I recently read the novel The Lowland by Jhumpa Lahiri. It won a Pulitzer Prize, and when Entertainment Weekly said it developed excellent character tension, I felt I had to read it. So I sat down for some good old fashionable ‘everybody’s reading it’ literature time. With sincerest praise, I have to say the book was fabulously crafted in terms of the art of words, but character tension? [SPOILER ALERT] More like wet rag tension. Seriously, the woman has a baby and just doesn’t love it, so she abandons it to go teach college classes on the… wait… what? You did WHAT? Holy hell woman… you didn’t mind making the thing… (deep breaths). People who don’t step up to their parental responsibilities because they ‘just didn’t feel like it’ are straight losers, NOTHING more. You made the child, you RAISE the child. Now… if she felt she was going to be a really bad mother, say she was a drug addict and was worried she’d destroy the kid’s life or was embarrassed to face the little girl… If she left because of a reason like that, a bit of protecting the innocent against personal failure, I might be able to accept it.
That got me thinking, what else might have tightened up this milquetoast plot? Then, as I was browsing the web, I had an epiphany! All Lahiri had to do was add ALIENS to the plot. I’m not talking about pointy-chinned, big-eyed aliens. I’m talking about THE ALIEN—a twin-jawed, long-skulled, lurkin-in-the-shadows, acid-bleeding, parasitic-young-choking-the-life-out-of-the-limp-wristed-father monster from the hell of deep space.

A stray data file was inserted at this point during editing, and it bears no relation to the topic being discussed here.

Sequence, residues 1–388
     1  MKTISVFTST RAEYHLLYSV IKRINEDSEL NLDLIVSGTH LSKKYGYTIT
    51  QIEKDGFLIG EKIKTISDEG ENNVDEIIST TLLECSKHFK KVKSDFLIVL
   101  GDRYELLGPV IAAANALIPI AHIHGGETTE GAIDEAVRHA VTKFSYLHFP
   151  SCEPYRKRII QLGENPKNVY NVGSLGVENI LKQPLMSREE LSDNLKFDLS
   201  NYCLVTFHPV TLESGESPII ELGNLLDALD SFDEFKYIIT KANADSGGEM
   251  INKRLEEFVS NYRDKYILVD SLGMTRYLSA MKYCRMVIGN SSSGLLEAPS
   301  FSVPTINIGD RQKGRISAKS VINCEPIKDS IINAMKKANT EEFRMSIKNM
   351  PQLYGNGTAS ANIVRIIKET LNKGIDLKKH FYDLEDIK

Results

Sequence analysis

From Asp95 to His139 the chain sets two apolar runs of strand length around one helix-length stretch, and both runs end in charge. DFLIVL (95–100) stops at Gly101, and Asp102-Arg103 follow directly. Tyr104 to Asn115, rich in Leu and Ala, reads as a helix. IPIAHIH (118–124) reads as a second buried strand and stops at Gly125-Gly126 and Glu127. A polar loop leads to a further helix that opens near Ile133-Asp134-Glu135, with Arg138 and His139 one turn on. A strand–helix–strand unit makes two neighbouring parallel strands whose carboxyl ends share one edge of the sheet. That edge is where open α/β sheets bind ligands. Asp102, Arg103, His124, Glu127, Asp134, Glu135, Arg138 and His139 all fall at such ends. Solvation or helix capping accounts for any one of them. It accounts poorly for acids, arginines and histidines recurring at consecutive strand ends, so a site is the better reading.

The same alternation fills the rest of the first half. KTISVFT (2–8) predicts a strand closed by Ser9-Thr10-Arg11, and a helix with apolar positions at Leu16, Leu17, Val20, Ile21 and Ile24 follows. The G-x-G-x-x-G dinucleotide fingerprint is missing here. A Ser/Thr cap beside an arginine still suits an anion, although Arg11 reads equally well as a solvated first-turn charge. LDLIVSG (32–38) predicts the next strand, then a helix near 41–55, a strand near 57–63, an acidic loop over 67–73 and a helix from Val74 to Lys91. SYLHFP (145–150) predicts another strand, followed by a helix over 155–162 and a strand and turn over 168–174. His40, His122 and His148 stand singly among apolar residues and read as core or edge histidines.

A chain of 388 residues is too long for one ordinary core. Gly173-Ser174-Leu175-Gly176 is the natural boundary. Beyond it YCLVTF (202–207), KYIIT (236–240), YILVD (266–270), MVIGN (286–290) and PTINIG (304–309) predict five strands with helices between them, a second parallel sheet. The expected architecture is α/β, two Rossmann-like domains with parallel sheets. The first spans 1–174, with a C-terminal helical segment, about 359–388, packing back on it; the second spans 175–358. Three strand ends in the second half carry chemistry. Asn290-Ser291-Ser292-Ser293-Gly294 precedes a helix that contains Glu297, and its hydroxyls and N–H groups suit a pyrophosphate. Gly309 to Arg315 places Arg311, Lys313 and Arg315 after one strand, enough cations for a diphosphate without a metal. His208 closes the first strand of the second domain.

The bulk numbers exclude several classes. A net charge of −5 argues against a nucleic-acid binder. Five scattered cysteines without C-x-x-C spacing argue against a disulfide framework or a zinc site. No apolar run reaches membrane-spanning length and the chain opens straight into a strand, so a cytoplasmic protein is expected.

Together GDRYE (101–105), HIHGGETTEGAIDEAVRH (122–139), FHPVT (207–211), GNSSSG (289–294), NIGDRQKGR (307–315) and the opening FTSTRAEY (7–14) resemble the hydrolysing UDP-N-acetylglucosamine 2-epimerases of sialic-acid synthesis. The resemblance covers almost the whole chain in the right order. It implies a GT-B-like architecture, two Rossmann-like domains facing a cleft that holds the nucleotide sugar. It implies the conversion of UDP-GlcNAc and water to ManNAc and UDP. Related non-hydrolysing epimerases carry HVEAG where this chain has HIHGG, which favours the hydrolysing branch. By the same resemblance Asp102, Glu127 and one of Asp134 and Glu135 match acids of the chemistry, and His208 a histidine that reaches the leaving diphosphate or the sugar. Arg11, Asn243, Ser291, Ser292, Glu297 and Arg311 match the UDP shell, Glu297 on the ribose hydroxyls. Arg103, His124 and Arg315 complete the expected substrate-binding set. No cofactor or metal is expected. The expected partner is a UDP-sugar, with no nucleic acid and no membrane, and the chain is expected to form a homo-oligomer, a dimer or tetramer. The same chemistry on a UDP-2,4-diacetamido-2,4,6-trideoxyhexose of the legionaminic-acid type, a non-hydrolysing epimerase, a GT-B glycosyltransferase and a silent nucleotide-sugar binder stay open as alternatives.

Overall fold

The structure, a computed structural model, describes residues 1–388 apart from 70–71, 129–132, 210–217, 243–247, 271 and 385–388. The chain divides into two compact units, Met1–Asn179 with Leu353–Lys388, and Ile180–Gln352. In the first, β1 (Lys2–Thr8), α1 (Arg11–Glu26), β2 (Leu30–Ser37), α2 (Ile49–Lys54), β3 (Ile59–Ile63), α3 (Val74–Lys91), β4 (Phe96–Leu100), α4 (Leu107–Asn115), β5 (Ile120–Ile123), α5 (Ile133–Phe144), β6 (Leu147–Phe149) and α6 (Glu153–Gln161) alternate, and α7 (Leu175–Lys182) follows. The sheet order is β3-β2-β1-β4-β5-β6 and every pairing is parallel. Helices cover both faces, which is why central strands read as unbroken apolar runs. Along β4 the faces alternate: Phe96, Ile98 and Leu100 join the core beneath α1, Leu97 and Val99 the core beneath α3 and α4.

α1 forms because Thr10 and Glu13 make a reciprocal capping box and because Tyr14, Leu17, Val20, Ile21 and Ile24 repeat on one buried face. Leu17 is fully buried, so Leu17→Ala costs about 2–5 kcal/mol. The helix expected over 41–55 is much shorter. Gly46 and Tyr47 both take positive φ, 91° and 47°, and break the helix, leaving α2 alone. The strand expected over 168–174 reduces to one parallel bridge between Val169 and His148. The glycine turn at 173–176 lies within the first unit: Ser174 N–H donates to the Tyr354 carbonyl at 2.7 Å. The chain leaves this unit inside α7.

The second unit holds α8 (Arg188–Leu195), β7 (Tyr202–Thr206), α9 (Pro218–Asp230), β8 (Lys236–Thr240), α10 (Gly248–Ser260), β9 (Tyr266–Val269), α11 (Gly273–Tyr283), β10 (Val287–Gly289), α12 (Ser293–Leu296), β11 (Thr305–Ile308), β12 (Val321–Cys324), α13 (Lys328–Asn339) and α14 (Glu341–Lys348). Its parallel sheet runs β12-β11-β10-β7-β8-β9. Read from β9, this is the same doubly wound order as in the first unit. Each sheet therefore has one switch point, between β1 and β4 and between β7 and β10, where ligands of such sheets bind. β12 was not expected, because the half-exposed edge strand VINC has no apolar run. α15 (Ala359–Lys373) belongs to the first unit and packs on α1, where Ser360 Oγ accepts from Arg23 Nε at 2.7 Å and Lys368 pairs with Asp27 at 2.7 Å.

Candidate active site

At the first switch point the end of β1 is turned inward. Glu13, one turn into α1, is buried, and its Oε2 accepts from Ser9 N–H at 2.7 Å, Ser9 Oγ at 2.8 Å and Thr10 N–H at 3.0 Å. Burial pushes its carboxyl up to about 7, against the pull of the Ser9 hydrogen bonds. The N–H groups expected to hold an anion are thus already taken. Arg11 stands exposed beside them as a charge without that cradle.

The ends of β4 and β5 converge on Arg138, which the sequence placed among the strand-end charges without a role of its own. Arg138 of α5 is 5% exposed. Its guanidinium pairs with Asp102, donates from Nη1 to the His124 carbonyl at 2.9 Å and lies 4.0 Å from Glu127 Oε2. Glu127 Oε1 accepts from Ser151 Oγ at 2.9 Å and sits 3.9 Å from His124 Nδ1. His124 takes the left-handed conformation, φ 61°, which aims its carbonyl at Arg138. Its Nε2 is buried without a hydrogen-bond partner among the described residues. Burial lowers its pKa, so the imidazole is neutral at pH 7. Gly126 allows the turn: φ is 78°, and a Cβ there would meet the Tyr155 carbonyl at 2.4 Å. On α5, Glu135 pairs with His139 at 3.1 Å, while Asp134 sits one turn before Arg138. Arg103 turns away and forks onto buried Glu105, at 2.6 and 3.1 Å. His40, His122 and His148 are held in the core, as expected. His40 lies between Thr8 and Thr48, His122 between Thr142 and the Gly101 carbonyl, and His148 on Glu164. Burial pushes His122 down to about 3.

In that vein the book would have become much more interesting. The characters would be forced from the broken record of mewling over life losses they should have nutted up and gotten over years ago to loadin’ solid slugs into 12 gauge Mossbergs…
The mother’s role as absent collegiate student leaving the daughter to a bleak existence would shift dramatically…
She heard her mother typing in the bedroom… tippity tappity, tippity… Silence fell.
A scuttling sound.
The girl went to the door. Touched it’s smooth, grained surface.
A black spike slammed through the wood, a few inches from the girl’s face.
And for the estranged relationship between the father and the daughter…
She’d grown distant from him, not talking… because she had a pale, spiderish embryo strapped to her face, its long, whip-like tail coiled around her throat. When he tried to speak to her, she wouldn’t respond, and that made him feel sad. Very, very, really, really sad.
And the absent mother…
She’d been gone from their lives for twenty years now… because she’d had her chest blown out by an Alien spawn that proceeded to eat the face off every member of the snobby philosophy department she had worked in. When the older man, who’d been kind of a gross daddy-issues love interest took a shot at it, the blood spray burned his skull in half.
Okay, NOW we’re cooking with gas! The Lowland becomes the Awesomeland.
Who might you pit the Alien up against? (If you say the Predator you’re out.)